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Cannabis when you have the flu: Does it help or harm?

Cannabis when you have the flu: Does it help or harm?

There is virtually no medical evidence one way or another about whether cannabis can help or hinder the process of recovering from the influenza virus. 

Most medical doctors do not recommend using cannabis to help treat the flu. Nevertheless, cannabis may be able to alleviate some of the uncomfortable symptoms that come with the flu, such as aches and pains, nausea, and trouble sleeping.

The Endocannabinoid System and the Immune System

The endocannabinoid system, the mechanism within our bodies with which cannabis interacts, affects our immune system

“The endocannabinoid system has been proven to play a large role in immune system modulation by down-regulating the inflammatory response of the body,” Dr. Christine Nedeau, MD, a family medicine doctor in Kansas City, Missouri and a medical writer for eMediHealth, told The Cannigma in an interview. 

In other words, the endocannabinoid system can theoretically calm down an immune system that is on overdrive and causing excessive inflammation throughout the body (as is the case with diseases such as IBS, Crohn’s disease, fibromyalgia, and many others), effectively bringing it back into homeostasis. 

Research on Cannabis and the Flu

While there is no scientific or medical evidence about cannabis and the flu with humans, there is one study that examined the effect the endocannabinoid system has on mice infected with the influenza virus.

In that study, scientists discovered that, after suffering a bout of influenza, mice with normally functioning endocannabinoid systems had significantly less damage to their lung tissue than mice whose endocannabinoid systems had been genetically modified. 

While these results may be interesting, it is hardly enough evidence to provide substantial conclusions about how cannabis affects humans who have the flu. 

Will Cannabis Help You Get Better?

“There are no recommendations [by doctors] for cannabis use to treat flu,” Dr. Nedeau said, citing the lack of medical evidence.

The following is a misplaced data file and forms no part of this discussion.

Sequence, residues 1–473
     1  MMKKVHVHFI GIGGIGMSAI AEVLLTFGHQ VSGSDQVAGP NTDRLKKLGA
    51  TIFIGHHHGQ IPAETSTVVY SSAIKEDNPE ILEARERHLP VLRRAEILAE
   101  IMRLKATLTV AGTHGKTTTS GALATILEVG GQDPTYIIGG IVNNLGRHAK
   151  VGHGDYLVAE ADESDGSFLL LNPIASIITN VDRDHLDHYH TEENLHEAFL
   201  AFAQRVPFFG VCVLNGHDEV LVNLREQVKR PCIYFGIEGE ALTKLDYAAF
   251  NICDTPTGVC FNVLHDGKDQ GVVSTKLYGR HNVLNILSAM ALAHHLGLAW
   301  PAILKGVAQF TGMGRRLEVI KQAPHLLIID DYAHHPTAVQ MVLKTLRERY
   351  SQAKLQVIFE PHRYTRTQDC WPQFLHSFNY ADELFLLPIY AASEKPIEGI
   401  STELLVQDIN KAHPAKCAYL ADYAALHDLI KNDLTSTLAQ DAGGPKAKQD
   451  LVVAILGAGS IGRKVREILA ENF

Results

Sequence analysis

“I would not recommend attempting to use cannabis on your own to treat the flu,” she added. 

Using cannabis will not contribute to curing your flu. Since there is no medical treatment for the influenza virus, unfortunately, you just have to let your body fight it off on its own. 

If you are suffering from the flu right now, the best course of action you can take is to:

  • Stay home and get plenty of rest 
  • Drink lots of fluids
  • Take steamy showers or baths to help with congestion

Is it Safe to Use Cannabis While You Have the Flu?

Though it’s clear that cannabis will not help treat the flu, could it do any harm? 

“Remember that Influenza is a highly contagious infection that causes a huge inflammatory response, severe damage in the lungs, and potential for secondary bacterial infection and other complications,” answered Dr. Nedeau. 

As the lungs are already highly inflamed, it is not recommended to smoke anything as you want to avoid causing further damage to the lungs and throat. 

However, consuming cannabis edibles, tinctures, or topicals could potentially alleviate some of the uncomfortable symptoms of the flu. 

Cannabis has been proven to help ease nausea, reduce aches and pains, and help you get to sleep. So while cannabis won’t make your sickness any shorter, it could make it a bit more tolerable. 

Just be careful taking high-THC strains if you have a fever, as it could exacerbate the feelings of dizziness and nausea if you take too much

Perhaps the safest way to utilize cannabis when you’re sick is to apply cannabis topicals which will relieve aches and pains without causing any high. 

Should You Stop Taking Medically Prescribed Cannabis During the Flu?

If you already regularly take cannabis to treat a medical condition, it may be unclear what you should do if you get the flu.

“​Because of the lack of research regarding the effects of cannabis while infected with influenza, it is safest to stop using it while infected,” according to Dr. Nedeau.

To be on the safe side, it’s best to contact the medical provider that prescribed your cannabis and let them know your situation. They will have the best advice on whether you should continue using medical cannabis while you are sick or if you should wait it out.

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